Bare bones yet comfortable, the modified gets the job done with tasty vintage style. A das
In keeping with the theme of a bare-bones modified, Derrick kept the interior as basic as possible. He filled the '32 Ford dash with a custom insert packed with mismatched swap meet find gauges to cover the basics, including rpm, oil pressure, and temperature. A vintage Sprint Car–style wheel was perched atop a GM box converted to cowl steering for navigation while a set of modified Ansen pedals coax the beast's movements. Good friend Scot Cave laid out the wiring while Derrick fab'd up a pair of simple buckets covered in brown vinyl by CZ's Upholstery of Southington, Connecticut. For safety a set of vintage aircraft seatbelts were bolted in, accented by neat custom touches like a two-point rollbar, leather straps across the Model T gas tank, and a single '32 Ford military-issue rear taillight. Sealing the deal is a pair of hidden HID headlights mounted inside the grille shell to keep it all legal.
Standing back and studying the modified it's clear to see that Derrick nailed the look with a combination of stance, attitude, and style … all in 122 hours! The final accomplishment was making it out to the Jalopy Showdown and letting the mud fly as the car made its way around the dirt track. With the car completed and to make way for another upcoming modified project it recently moved on to its new owner Rich Hall of Torrington, Connecticut, who pledges to keep its legacy alive.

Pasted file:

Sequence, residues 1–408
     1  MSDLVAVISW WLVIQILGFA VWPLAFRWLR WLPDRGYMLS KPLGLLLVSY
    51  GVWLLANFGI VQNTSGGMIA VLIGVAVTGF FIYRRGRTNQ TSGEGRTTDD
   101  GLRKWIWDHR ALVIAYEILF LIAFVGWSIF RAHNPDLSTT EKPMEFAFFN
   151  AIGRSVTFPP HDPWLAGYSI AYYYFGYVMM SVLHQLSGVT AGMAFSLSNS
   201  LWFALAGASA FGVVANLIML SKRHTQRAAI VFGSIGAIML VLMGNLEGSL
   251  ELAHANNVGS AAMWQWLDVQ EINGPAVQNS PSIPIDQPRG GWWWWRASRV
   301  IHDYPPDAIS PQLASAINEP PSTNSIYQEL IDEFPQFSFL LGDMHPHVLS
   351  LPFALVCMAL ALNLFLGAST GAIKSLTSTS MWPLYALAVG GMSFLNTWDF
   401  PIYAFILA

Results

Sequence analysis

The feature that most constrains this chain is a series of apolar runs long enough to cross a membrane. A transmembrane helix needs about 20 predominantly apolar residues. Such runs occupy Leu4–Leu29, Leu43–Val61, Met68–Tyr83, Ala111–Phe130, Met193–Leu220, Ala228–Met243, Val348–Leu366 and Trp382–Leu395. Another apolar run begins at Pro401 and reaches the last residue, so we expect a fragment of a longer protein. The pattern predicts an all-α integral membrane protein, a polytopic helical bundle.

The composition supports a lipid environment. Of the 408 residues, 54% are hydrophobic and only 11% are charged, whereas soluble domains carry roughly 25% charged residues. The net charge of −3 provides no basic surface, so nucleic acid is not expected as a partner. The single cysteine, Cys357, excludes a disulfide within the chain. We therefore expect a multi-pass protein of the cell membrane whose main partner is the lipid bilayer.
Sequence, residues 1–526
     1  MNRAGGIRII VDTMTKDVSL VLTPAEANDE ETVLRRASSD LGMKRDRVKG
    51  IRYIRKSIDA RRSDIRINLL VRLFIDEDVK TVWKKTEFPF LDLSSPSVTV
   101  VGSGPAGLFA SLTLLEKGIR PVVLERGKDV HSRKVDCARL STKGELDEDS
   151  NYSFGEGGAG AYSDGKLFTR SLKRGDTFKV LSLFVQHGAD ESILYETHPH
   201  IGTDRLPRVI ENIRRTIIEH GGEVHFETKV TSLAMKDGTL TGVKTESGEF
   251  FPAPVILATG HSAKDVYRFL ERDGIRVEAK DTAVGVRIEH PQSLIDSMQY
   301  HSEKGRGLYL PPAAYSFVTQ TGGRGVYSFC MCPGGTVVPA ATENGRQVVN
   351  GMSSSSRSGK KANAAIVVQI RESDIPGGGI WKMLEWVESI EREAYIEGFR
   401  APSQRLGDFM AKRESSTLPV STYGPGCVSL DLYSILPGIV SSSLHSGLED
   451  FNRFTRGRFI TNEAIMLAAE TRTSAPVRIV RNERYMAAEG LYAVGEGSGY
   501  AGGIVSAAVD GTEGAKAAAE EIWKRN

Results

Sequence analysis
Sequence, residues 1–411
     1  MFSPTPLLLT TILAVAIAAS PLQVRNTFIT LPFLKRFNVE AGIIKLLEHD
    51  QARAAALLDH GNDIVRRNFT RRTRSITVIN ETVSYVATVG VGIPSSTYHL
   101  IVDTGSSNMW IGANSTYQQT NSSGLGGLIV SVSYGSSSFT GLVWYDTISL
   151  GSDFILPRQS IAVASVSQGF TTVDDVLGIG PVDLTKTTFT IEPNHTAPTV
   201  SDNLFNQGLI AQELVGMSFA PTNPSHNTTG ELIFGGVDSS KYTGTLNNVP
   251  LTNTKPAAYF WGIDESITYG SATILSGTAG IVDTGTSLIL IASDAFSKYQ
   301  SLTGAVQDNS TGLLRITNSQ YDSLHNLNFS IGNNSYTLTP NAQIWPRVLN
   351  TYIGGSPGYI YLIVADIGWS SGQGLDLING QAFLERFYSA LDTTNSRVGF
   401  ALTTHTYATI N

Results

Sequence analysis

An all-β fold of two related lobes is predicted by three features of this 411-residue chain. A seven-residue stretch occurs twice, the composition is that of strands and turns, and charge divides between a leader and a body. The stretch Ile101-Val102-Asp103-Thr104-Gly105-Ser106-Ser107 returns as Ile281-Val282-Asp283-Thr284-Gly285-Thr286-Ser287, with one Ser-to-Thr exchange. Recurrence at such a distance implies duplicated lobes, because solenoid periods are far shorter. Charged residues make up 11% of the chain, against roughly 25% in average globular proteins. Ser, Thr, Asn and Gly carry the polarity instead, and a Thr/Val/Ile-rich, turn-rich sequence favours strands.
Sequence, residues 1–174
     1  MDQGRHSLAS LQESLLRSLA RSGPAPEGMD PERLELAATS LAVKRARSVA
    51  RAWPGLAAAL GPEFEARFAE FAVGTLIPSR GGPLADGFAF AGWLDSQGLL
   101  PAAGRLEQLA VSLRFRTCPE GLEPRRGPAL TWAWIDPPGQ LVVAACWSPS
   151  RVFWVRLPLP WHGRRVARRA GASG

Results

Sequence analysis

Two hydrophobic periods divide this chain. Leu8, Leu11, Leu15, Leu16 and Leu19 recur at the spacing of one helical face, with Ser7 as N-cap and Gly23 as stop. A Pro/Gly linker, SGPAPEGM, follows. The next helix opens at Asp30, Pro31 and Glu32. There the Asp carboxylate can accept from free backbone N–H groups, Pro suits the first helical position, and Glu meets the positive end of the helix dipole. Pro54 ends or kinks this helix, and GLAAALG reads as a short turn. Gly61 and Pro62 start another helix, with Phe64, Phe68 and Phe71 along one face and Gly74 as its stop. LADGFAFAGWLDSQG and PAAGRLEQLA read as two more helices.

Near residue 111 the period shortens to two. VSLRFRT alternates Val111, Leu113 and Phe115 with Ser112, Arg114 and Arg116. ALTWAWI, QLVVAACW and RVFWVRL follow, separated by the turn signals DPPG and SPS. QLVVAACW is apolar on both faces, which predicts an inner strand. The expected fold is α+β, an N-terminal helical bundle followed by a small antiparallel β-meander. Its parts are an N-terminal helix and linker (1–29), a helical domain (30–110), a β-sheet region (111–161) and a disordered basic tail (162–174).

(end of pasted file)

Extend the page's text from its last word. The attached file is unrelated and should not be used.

Just the Facts
Owner: Derrick Pesko
For plenty of scoot around town, a ’37 Ford Flathead V-8 looks right at home nailed to the
A ’37 Ford axle and spindles was anchored in place through a combination of split ’37 ’bon
Dig the wicked combination of a ’37 Ford rearend hung under a Model T gas tank, while a se